This post was written by student Lindsay Hoegy.
As Canadian citizens, we possess the fundamental right to vote during municipal, provincial and federal elections. (Matsubayashi & Ueda, 2014). Adults with disabilities face countless barriers that can prevent them from full or equal voting opportunities (D’Aubin, 2004). Disabled individuals face “significant cultural, material, and political disadvantages” compared to non-disabled individuals. They are often viewed as “absent citizens” and are most vulnerable to the risk of poverty and exclusion (Prince, 2009). Individuals who are viewed as being incompetent “are placed in positions of subordination” and are protected and cared for rather than given equal rights (Carey, 2014). For years, individuals with disabilities have been denied their human rights of equality.
In 1982, the Canadian Charter of Rights and Freedoms was established. One fundamental right established was, “every citizen of Canada has the right to vote in an election of members of the House of Commons or of a legislative assembly [of a province or territory] and to be qualified for membership therein” (Chief Electoral Officer of Canada, 2007). Despite this, there were still groups of people who were disqualified from accessing their right to vote. Adults with mental disabilities were one of the groups of individuals who were not allowed to vote.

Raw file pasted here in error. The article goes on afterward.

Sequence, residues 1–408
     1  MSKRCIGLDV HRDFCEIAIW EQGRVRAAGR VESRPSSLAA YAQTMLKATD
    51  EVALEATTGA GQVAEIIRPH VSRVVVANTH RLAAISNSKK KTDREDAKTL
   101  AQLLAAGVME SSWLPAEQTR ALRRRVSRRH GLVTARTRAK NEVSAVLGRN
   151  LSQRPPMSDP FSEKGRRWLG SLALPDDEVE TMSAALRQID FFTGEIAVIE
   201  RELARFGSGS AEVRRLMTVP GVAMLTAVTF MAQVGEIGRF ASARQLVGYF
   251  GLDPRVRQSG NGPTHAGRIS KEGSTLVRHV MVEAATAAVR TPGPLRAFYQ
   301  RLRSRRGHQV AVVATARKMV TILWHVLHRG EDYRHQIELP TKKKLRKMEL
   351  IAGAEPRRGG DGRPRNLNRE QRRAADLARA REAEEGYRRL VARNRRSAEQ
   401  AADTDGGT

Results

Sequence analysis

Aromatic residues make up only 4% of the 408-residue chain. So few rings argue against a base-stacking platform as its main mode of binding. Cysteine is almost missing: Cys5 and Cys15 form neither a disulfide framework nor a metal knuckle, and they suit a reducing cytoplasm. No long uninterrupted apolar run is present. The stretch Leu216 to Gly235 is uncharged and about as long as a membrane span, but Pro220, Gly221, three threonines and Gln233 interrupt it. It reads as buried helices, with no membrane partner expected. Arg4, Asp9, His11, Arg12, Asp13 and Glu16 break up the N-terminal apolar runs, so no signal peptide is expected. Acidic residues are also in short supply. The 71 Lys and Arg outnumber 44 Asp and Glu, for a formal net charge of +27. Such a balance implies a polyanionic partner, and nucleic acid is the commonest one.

Bill C-78 was established in 1992 to make amendments to electoral law and increase accessibility for voting. In 1993, amendments were made to allow all Canadian citizens to vote, including individuals with intellectual disabilities. (Chief Electoral Officer of Canada, 2007). Despite Bill C-78, Canadians with disabilities are still heavily under-represented in electoral processes.
Stereotypical attitudes can create a major barrier for individuals with disabilities. Guardians, parents, caretakers, service providers, or other stakeholders may discourage an individual with an intellectual disability from voting because they may be viewed as being incapable of making politically informed decisions. It is often assumed that adults with intellectual disabilities “are presumed to be legally incompetent” (Agran, MacLean, & Kitchen, 2016). Adults with intellectual disabilities may be unaware that they have a right to vote.
In British Columbia, the I Am Voting Campaign, was created to encourage adults with disabilities to vote and to bring awareness to the accommodations that are available in the voting process (Britten, 2017). It will be beneficial for this campaign to be expanded. To increase voter turnout for individuals with disabilities, built environments, institutional practices, and attitudinal barriers must be addressed and corrected (Prince, 2017).
The upcoming federal election takes place on October 21. If you are not already registered to vote, you can register the day of at your polling station. For information on accessible voting, visit the Elections Canada website.
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